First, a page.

The Federal Trade Commission (“FTC”) recently gave final approval to a settlement with the Canadian smart locks company Tapplock, Inc. over alleged deceptive practices in the data security context. Tapplock offers Internet-connected, fingerprint-enabled padlocks that interact with a companion mobile app to enable US users to open and close their smart locks when within Bluetooth range.
The three vulnerabilities discussed in the complaint appear to have been sufficiently severe that their mere existence warranted, in the FTC’s view, enforcement action – the enforcement action was not triggered by a data breach or other exploitation of the vulnerabilities. One of the vulnerabilities affected a Tapplock API and “allowed researchers to bypass the account authentication process in order to gain full access to the accounts of all Tapplock users and their personal information,” including location history and precise geolocation of smart locks. Another vulnerability involved a lack of encryption of the Bluetooth communication between the lock and the app, allowing a researcher to discover and reproduce the private keys required to lock and unlock the product. In the third, a researcher discovered a flaw that prevented users from effectively revoking access to the device after providing other users with access.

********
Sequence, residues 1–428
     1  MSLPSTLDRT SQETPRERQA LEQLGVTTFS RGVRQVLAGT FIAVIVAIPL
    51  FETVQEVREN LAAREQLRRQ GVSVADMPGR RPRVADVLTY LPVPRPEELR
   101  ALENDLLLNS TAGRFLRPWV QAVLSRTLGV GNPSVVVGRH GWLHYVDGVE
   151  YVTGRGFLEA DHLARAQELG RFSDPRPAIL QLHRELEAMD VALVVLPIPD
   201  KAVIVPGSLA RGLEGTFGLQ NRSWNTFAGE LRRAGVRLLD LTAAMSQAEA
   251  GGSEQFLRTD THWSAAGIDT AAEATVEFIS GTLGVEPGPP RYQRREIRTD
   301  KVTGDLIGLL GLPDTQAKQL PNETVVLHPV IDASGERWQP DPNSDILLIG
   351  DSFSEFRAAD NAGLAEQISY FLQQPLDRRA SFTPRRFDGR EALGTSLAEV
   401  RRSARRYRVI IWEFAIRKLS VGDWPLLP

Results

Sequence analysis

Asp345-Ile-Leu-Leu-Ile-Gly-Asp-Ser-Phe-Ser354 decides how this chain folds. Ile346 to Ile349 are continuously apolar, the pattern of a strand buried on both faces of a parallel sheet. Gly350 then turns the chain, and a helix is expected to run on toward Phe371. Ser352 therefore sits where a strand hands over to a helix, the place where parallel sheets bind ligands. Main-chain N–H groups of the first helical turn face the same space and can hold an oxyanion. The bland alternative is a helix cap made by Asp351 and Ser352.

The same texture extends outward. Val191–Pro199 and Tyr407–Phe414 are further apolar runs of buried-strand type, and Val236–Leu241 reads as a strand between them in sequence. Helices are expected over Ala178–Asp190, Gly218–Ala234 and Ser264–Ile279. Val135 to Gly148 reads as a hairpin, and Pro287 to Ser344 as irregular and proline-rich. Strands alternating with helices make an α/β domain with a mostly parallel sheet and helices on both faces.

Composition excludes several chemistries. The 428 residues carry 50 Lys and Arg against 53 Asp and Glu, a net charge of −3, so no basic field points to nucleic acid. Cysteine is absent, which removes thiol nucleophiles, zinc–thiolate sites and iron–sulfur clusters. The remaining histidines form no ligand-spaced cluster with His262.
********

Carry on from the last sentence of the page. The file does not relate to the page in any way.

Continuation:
The FTC concluded that Tapplock did not take reasonable measures or follow industry best practices to secure its products or consumers’ personal information, citing as examples the company’s failure to identify reasonably foreseeable risks to the security of its locks and its customers’ data, such as through vulnerability or penetration testing, its failure to implement procedures to prevent users from circumventing the authentication process to gain access to other customers’ accounts, and its lack of written security policies or appropriate privacy and security training for its employees.
This settlement serves as a reminder that the FTC may take action under Section 5 even absent a data breach if a company does not deliver on its security promises. It also showcases the FTC’s authority over non-US companies who market products to US consumers.